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I have recently noticed that question titles are not well-formatted or not entirely representative of the associated question content.

The result is that this site seems to be like "Yahoo Answers", which is a thing that no one really wants.

I myself am not able to do better in writing titles, but I feel that they could be simply improved by competent speakers of English language like StoneyB, J.R. and others.

What should this community do to solve this problem?

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    Well, Carlo, I suppose I must take that as a rebuke to my remissness and a challenge to do better! I will do so. – StoneyB on hiatus Mar 3 '13 at 16:28
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    I've been going through a whole ton of such questions today to make their questions more question-like. This should also help SEO and make it easier for ELL users to understand the gist of the question before clicking through to the answer page. – Matt Mar 4 '13 at 22:22
  • I sometimes edit question titles if the Qs are interesting to me. What else can we do? Sometimes, though, the OP gets pissed off because his English isn't good enough to know that the edit's an improvement that clarifies rather than a revision that changes the meaning: this happened to me a week or so ago, & the OP said he was mad at me because I changed his words -- so I changed them back & invited him to reject the edit, but he didn't. Demanding too much may lead to stylistic censorship. Most people are sloppy when they use language. Can't be helped, I think. – user264 Mar 6 '13 at 3:18
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    @BillFranke -- If in doubt, perhaps a comment with a suggested rephrasing would be taken more kindly. (I've just edited a question, without commenting first, and although I think the edit was "harmless" regarding what the OP was asking, I won't be surprised to get a rebuke.) – barbara beeton Apr 19 '13 at 18:23
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I've been going through a whole ton of such questions today to make their questions more question-like. This should also help SEO and make it easier for ELL users to understand the gist of the question before clicking through to the answer page.

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I definitely agree that this is something to be addressed; thanks for bringing it up! I've noticed it as well but been hesitant to edit, because then I have the quandary: do I edit the question text now as well?

On any other site I would say absolutely yes, and do so. But on ELL I'm not so sure. We want our question titles to be easily searchable and grammatically correct with proper spelling. But in the question itself, sometimes the mistakes the learner makes can help us understand their problem. (Plus we might inadvertently change the question so that the OP doesn't quite understand it anymore, which isn't a good thing!)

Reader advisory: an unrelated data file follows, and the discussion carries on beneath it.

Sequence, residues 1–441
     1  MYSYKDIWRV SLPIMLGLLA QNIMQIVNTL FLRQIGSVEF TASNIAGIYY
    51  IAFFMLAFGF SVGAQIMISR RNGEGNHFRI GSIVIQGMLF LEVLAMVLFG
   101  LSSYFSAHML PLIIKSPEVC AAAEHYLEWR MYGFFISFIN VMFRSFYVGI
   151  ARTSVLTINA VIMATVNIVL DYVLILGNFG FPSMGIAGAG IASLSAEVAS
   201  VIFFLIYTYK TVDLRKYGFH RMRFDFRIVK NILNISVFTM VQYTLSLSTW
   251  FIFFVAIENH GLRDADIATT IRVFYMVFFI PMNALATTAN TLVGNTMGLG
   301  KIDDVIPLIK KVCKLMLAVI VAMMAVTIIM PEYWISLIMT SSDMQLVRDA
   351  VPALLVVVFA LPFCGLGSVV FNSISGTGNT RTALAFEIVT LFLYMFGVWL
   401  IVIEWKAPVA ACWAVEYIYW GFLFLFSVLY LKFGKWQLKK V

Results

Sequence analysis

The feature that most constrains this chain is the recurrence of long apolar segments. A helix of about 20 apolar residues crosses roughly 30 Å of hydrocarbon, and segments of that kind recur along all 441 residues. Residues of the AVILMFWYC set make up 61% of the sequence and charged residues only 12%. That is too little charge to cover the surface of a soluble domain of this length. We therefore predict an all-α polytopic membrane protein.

So I'm then left with the quandary: edit just the title (and leave question text alone when it could be improved), or edit the whole post (and possibly remove mistakes that would help answerers see the source of the problem, or confuse the OP)? And I can never decide, so I haven't been editing titles very often. I think the short answer to your question is that we all need to band together and start fixing these question titles. But I also think we need to discuss what to do about the actual content of the question, because I'm really not sure which side of that fence I fall on. I think there are pros and cons to both approaches, and that we need to come at the issue from a different angle on an English Language Learners site. What works for one SE site does not always work for all, after all!

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    When in doubt, fix it. Odd phrasings or spellings can be preserved when they are the topic of the question, but otherwise it just sets a bad tone for the whole question. – Shog9 Mar 7 '13 at 3:42
  • @Shog9 All righty then, will do! I've already got one eye trained on the "Unanswered Questions" list; I'll aim the other at checking posts for necessary edits! – WendiKidd Mar 7 '13 at 3:44
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My opinion is that a title needs if possible to be informative and specific. So that you can have a snippet of what the question is about. Then, of course to have good grammar and good writing.
There is a tendency as exemplified by some news sites such as Huffingtonpost to make a title sensationalist but at the same time non-informative so that you are tricked to open the article. Such attitude is of bad taste.

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